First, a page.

NOTES : Florida St. Has Seen This Kind of Player Someplace Before


For 29 minutes, the flashy style seemed vaguely familiar. Then a Brigham Young punt sailed toward Florida State’s Terrell Buckley, and all doubt was removed. Buckley hauled in the ball at his own 44, threw a juke, made a cutback and soon was running all alone down the right sideline.

He sprinted past the last Cougar defender and high-stepped it into the end zone.

It was the high-stepping that clinched it.

No question, Buckley is a dead ringer for ex-Seminole, current Atlanta Falcon Deion Sanders. Yep, the swagger is there. The ‘tude is, too. About all that’s missing are the gold chains hanging from Buckley’s neck.


When Buckley, a junior cornerback from Pascagoula, Miss., turned to survey the damage after his 56-yard run, he saw penalty flags littering the field. Immediately, he thrust his hands on his hips in disgust and stalked to the sideline. Not once, not twice, but thrice, the officials flagged Florida State blockers for clipping, nullifying Buckley’s electrifying run.

“I didn’t see any clips,” Buckley said later. “They must have been behind me. . . . I had them (BYU) set up. I hit the seams, and it opened right up for me.”

There were other thrills and chills from Buckley.

He intercepted two Ty Detmer passes. One counted and one was wiped out by a pass interference penalty on . . . Buckley.

Later, he fumbled a punt return and got burned for a pair of fourth-quarter touchdown passes by Detmer.

The good seemed to outweigh the bad, though, and the net results were impressive. Besides, Buckley had fun showing off even if he doesn’t think of it that way.

“I don’t consider it flashy; I practice that way so there’s nothing to it,” Buckley said.


“People have been comparing me to Deion Sanders since I was in high school.”

A little cocky then, perhaps?

“We knew we could hold them like that,” he said. “Our secondary has been practicing against probably the best offense in the country.”

With Buckley hounding BYU receivers all night, Detmer completed “only” 19 of 32 passes for 229 yards and two touchdowns, with one interception. An All-American last season, Buckley also led the Seminoles with six tackles.

Add defense: Linebacker Kirk Carruthers likes what he has seen from the Seminoles’ defense so far this season.

“We have so much talent, it’s not funny,” he said. “If we make no mistakes, we have possibly the best defense in the country.”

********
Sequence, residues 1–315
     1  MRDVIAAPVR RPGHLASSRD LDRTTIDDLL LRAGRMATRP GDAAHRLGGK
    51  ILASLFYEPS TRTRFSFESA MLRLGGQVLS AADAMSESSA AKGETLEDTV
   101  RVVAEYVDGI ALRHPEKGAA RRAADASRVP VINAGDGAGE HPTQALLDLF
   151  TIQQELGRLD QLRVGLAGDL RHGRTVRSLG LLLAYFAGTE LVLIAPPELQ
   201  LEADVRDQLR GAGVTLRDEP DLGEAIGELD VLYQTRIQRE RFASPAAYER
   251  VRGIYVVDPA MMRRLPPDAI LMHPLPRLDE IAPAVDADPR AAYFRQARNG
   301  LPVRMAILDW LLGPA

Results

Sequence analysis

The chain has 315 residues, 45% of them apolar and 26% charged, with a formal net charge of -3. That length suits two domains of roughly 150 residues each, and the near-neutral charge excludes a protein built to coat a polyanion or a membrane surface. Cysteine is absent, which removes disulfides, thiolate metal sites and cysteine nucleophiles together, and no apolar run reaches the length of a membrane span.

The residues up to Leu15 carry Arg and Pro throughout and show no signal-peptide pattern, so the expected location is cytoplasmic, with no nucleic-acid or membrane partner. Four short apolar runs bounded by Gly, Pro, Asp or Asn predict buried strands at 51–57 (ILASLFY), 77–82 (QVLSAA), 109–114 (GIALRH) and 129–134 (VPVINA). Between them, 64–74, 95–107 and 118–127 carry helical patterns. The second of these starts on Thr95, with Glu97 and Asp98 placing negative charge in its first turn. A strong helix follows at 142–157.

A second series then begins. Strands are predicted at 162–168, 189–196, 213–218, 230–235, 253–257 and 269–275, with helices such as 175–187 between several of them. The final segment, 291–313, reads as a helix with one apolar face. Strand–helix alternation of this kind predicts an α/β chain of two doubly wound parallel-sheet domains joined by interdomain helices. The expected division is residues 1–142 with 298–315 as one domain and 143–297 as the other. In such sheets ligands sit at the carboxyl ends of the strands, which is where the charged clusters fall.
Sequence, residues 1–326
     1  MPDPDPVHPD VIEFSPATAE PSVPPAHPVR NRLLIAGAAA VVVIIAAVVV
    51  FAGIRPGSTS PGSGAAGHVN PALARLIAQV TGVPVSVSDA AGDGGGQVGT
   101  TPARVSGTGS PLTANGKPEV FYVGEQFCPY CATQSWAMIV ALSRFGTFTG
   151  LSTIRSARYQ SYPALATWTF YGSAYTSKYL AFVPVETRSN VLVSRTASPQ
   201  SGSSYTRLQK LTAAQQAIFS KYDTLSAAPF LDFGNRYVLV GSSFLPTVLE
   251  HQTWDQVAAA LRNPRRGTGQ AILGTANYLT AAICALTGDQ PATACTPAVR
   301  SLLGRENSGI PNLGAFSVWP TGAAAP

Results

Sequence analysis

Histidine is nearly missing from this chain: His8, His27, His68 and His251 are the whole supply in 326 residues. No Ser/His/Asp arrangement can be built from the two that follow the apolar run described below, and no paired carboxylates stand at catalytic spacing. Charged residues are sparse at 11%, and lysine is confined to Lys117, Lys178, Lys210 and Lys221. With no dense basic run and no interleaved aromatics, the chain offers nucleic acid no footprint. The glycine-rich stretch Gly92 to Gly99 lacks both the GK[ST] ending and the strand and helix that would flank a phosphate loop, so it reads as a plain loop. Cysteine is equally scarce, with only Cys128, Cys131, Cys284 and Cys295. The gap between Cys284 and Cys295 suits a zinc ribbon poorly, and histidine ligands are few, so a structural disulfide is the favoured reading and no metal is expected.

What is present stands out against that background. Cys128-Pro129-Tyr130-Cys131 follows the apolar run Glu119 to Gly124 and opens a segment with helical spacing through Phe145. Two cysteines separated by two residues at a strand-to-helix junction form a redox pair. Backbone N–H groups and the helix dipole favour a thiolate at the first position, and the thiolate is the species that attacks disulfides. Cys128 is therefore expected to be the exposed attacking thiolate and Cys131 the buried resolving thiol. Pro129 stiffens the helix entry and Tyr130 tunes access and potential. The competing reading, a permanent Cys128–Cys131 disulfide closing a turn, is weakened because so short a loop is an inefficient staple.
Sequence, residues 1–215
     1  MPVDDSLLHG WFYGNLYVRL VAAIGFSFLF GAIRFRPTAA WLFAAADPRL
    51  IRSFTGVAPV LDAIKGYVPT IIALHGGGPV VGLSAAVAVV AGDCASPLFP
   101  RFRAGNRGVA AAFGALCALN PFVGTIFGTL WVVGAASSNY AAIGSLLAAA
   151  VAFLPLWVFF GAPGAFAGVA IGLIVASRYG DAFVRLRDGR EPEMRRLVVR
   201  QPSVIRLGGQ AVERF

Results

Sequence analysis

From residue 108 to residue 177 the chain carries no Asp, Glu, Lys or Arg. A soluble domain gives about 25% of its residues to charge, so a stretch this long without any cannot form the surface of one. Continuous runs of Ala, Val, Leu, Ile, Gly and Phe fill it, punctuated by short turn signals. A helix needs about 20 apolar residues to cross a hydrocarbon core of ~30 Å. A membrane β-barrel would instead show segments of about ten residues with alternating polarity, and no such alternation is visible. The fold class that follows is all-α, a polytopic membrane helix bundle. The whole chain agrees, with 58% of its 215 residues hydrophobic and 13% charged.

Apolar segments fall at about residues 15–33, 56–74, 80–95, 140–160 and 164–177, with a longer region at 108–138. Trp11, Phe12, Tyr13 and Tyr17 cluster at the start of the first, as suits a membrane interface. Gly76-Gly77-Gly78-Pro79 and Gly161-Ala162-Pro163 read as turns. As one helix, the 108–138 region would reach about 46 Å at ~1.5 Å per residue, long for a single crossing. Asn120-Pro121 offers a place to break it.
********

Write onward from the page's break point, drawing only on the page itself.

And quarterback Casey Weldon, who was equally impressed, had this to say: “I’m glad I wasn’t playing our defense tonight. I feel for the guy (Detmer).”

Added BYU Coach Lavell Edwards: “This team is one of the best we’ve ever played. They have tremendous speed and quickness. I’ve never seen a faster defensive team. They did a nice job of keeping us off balance.”

Great seats, eh, buddy? Every ticket in the house went for $28, no matter if it was on the 50-yard line or in the end zones, at the top of the stadium. What gives?

Don Andersen, Pigskin Classic executive director, allowed that it’s probably not the best system ever devised. It seems the ticket prices were established before Andersen accepted the position last year, and there hasn’t been a movement to charge less for less attractive seats.

“If there would be a change, we might look at scaling the house,” Andersen said. “But it’s premature to write about a change. It’s not a done deal. Our prices are comparable with other games of national interest, so I don’t think we’re out of line.”

Thursday’s crowd of 38,363 topped the total of 33,458 who watched Colorado and Tennessee play to a 31-31 tie last year. So maybe Orange County football fans have simply learned to reach for their wallets first and ask questions later.

Family tree: Sonny Detmer, Ty’s dad, played at Florida State on a combination baseball-basketball scholarship in 1964. A wide receiver in high school, Sonny didn’t bother turning out for the Seminoles football team, largely because future Hall of Famer Fred Biletnikoff had secured the starting spot. On the baseball team, Sonny was a teammate of current Seminole baseball Coach Mike Martin. But Sonny only lasted two quarters in Tallahassee.

Now, Sonny coaches the varsity at Mission (Tex.) High. He moved there after coaching a certain Heisman Trophy winner-to-be at Southwest High in San Antonio.

Add family: Tom Young, a sophomore quarterback from Greenwich, Conn., is the younger brother of San Francisco 49er Steve Young and a great-great-great-grandson of Brigham Young.